As a scientist, working in the aquaculture sector, I see that the benefit of being a woman in science is being patient. It is a strong attribute in science and it probably comes from taking care of the family and children, because when doing research, especially in aquaculture, most of the time we must be patient enough to repeat the experiments both in the laboratory and in the field. As the director of Research Institute for Aquaculture No.1 (RIA1), with around 200 staff and 9 centres located in different provinces in Vietnam, I was also inspired by the women in leadership positions at DFC and learnt so much from them, including hands on practices in management. We are now proud that 50 % of the people in leadership positions in RIA1 are women. Respecting my staff, what motivates them and their lives beyond work are important elements in my management style.
To be honest, doing a PhD was not always easy, but my professors, Annette Kjær Ersbøll and Anders Dalsgaard, walked me through. I will never forget the meaningful time of my life being their student. They always encouraged me but they also always challenged me by posing difficult research questions. Working with my supervisors also made me more mature in scientific communication. I can never thank them enough for all that they have done for me. Apart from being my supervisors, they also became my friends. Annette always cared for me and often brought food for my Vietnamese dishes and left grapes from her garden on my table. On my birthday she pasted Vietnamese and Danish flags on the door of my office room. This was the first time I had ever got flags on my birthday as a Danish birthday tradition and that made me so happy. Anders was always so calm and open whenever my temper rose during an argument. He always knew how to end our arguments by finding a positive way forward. The knowledge they shared with me is always in my mind, their consideration and openness towards to me will remain in my heart for the rest of my life.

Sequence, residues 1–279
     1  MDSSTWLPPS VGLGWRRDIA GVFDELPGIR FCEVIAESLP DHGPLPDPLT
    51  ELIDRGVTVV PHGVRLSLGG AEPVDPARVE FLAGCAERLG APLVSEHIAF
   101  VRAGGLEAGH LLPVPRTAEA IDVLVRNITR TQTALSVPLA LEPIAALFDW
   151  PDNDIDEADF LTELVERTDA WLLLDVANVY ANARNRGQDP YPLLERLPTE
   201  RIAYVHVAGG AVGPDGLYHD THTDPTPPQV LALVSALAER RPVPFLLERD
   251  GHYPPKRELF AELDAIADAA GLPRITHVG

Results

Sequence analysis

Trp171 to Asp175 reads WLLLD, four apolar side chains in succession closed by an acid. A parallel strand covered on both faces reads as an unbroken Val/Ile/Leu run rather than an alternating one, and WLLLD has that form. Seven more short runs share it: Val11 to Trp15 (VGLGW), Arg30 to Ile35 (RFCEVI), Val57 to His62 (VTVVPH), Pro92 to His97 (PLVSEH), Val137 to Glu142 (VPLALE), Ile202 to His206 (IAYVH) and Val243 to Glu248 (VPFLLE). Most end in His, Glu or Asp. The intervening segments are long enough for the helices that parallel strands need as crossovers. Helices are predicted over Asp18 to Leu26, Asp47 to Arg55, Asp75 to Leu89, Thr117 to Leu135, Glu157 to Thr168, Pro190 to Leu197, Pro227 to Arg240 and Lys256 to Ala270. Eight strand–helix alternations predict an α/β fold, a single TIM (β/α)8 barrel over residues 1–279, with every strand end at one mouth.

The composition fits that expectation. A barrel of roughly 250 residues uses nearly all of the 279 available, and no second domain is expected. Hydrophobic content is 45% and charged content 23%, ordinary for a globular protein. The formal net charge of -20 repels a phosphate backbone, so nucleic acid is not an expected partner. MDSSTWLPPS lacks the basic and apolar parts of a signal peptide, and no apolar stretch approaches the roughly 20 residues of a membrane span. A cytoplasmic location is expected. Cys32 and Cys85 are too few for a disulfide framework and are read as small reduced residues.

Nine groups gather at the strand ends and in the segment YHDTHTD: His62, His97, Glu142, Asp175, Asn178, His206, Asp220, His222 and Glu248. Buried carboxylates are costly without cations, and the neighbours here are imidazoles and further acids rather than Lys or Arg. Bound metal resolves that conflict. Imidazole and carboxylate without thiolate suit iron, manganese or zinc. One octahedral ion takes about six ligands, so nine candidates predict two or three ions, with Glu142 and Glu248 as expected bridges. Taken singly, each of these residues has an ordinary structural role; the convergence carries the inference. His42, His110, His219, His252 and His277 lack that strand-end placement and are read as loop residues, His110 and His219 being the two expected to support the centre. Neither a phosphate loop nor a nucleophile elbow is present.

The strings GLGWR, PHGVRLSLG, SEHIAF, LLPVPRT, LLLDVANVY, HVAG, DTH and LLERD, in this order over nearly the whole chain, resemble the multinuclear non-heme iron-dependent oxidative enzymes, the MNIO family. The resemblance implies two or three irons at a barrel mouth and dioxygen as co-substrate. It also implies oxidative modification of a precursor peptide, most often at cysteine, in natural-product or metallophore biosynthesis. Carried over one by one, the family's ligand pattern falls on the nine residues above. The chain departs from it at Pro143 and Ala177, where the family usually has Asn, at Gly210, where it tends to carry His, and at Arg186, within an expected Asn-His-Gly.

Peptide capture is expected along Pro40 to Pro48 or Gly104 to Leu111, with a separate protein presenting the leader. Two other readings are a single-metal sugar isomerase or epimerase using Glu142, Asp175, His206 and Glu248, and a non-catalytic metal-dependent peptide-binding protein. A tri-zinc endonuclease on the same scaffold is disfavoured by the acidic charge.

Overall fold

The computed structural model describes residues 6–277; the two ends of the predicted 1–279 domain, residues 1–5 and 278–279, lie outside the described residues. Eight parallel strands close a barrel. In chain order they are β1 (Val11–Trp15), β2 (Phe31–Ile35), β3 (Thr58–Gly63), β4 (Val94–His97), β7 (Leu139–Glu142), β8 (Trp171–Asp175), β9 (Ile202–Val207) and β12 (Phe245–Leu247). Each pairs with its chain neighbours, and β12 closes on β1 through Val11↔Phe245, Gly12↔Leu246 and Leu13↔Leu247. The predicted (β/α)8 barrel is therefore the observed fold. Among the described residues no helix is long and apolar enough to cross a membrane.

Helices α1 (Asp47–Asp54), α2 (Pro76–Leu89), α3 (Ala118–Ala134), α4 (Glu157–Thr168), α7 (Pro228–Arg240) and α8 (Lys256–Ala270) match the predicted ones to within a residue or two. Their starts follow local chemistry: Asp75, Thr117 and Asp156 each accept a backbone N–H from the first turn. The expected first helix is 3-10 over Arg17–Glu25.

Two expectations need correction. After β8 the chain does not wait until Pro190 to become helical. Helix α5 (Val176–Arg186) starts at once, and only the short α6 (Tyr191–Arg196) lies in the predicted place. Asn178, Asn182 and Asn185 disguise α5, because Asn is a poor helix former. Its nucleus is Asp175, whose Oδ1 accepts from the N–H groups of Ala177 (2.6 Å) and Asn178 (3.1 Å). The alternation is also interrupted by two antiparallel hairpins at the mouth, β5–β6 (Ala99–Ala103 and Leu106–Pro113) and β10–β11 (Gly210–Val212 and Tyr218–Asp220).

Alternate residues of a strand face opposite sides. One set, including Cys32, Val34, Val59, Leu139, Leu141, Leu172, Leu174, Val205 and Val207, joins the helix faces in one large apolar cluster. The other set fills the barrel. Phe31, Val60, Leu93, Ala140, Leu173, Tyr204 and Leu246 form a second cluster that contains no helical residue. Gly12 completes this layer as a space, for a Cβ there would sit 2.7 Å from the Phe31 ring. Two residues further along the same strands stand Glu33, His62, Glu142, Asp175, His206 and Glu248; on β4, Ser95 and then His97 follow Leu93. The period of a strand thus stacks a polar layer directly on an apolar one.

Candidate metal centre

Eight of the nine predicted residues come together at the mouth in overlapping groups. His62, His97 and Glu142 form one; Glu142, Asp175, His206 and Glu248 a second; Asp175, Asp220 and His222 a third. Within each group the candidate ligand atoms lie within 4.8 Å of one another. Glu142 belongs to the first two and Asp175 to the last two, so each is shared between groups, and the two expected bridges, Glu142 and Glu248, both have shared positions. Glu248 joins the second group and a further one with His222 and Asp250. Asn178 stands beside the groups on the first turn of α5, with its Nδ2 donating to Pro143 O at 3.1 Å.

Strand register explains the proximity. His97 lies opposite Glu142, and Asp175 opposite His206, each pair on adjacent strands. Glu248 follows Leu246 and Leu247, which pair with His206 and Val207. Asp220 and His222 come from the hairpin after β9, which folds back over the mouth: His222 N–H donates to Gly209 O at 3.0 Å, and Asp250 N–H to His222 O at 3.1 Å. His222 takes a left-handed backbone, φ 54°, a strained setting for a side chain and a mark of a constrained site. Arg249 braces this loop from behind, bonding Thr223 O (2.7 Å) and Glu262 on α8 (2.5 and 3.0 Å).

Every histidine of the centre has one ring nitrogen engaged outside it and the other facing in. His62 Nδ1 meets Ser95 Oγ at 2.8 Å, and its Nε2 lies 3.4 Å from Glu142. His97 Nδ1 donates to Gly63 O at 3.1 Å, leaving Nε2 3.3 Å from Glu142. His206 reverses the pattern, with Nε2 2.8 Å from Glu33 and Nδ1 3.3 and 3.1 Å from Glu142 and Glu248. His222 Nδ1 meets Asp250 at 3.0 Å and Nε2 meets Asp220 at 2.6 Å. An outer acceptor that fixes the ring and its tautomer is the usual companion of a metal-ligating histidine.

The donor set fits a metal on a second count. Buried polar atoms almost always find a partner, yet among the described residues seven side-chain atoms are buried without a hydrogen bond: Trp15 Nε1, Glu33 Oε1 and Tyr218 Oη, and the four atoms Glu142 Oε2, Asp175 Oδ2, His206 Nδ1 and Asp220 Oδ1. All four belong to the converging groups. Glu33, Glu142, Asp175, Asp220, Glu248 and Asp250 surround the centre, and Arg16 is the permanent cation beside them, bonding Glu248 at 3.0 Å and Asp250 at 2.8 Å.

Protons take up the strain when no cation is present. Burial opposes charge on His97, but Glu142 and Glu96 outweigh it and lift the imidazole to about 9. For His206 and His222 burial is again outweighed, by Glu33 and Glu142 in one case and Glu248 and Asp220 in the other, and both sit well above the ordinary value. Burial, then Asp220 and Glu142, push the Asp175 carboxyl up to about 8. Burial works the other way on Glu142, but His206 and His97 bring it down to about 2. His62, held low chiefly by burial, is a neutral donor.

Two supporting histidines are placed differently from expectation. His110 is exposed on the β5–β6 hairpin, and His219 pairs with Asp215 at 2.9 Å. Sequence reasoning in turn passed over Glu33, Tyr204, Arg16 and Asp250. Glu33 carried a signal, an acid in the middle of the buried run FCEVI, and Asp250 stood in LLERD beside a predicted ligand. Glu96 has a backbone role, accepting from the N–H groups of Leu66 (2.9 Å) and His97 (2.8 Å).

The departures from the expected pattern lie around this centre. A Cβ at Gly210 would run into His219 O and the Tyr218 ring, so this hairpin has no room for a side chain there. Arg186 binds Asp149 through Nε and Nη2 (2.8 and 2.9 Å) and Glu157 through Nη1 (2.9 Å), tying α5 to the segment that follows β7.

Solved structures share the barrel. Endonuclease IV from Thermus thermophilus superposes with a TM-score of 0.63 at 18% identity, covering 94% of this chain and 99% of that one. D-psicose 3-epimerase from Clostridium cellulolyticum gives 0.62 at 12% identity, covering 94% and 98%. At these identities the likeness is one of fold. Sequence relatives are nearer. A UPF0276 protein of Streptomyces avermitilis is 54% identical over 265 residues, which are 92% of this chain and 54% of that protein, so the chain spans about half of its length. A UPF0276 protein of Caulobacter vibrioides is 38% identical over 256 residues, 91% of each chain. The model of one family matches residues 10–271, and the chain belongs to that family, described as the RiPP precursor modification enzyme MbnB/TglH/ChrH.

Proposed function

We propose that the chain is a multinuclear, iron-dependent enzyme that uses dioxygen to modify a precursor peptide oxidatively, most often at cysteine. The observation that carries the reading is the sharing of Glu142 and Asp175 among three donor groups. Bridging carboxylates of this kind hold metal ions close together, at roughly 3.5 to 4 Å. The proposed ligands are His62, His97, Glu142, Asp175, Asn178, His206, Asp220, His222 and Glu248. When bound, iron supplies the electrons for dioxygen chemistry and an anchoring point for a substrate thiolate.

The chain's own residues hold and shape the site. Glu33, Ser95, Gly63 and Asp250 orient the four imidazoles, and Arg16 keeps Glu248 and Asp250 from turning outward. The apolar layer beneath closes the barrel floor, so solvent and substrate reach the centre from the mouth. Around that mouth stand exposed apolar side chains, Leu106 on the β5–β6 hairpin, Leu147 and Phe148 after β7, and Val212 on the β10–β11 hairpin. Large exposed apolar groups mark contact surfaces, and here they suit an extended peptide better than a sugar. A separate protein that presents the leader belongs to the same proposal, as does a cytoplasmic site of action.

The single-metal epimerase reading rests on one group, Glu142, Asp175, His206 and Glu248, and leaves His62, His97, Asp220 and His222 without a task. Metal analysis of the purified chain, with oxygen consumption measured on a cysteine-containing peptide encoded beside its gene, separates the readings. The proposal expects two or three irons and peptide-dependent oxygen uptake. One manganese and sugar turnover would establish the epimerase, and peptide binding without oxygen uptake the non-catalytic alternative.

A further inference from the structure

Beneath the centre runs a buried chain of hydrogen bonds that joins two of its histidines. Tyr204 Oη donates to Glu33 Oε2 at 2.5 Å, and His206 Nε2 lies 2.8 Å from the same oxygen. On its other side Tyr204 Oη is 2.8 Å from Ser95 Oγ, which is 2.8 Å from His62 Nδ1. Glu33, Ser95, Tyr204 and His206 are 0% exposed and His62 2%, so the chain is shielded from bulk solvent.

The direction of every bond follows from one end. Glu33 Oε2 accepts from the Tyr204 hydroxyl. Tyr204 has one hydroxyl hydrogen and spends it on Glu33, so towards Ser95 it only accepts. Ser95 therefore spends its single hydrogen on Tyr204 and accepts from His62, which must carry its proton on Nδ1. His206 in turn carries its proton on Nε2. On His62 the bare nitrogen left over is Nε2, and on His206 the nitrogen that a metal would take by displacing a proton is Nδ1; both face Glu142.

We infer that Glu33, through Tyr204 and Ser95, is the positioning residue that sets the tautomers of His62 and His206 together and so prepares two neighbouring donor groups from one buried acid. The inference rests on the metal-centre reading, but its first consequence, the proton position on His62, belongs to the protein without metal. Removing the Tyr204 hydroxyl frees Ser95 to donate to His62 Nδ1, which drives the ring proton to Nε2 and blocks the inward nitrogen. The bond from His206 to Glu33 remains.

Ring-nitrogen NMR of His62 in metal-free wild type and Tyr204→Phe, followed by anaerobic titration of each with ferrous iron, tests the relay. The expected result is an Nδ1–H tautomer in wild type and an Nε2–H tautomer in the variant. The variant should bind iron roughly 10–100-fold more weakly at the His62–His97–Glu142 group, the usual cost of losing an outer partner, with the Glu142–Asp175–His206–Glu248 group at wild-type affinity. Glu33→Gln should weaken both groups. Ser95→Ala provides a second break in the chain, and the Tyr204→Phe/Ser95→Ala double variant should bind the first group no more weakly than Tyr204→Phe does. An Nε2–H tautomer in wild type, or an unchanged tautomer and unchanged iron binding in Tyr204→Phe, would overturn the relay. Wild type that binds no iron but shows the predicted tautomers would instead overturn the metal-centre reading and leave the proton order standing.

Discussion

I would like to take this opportunity to express my appreciation to Danida, DFC, Copenhagen University, the Ministry of Agriculture and Rural Development and the Research Institute for Aquaculture No1, Vietnam. I would like to thank my colleagues and friends for their encouragement and support and I would also like to thank the aquaculture farmers for their collaboration.
Special thanks go to my parents, brother, sisters and relatives for all their love and support. My father, who speaks several languages and went to teach mathematics in Angola, is my great inspiration. Thanks and love also go to my stepsons, my daughter-in-law, grandchildren and my sweet daughter for who they are and for their love. Last but not least, I would like to thank my beloved husband, who loves, cares, supports and gives me endless encouragement to develop my career.
I agreed to accept this Prize because I respect DFC’s goal and believe that it provides me with an even greater opportunity to share knowledge. I am deeply committed to sharing and building collaborative knowledge – within my organization and sector in Vietnam and as an active member of the global scientific community.
Once a Danida fellow, forever a Danida fellow with great pride.
Thank you very much for your attention.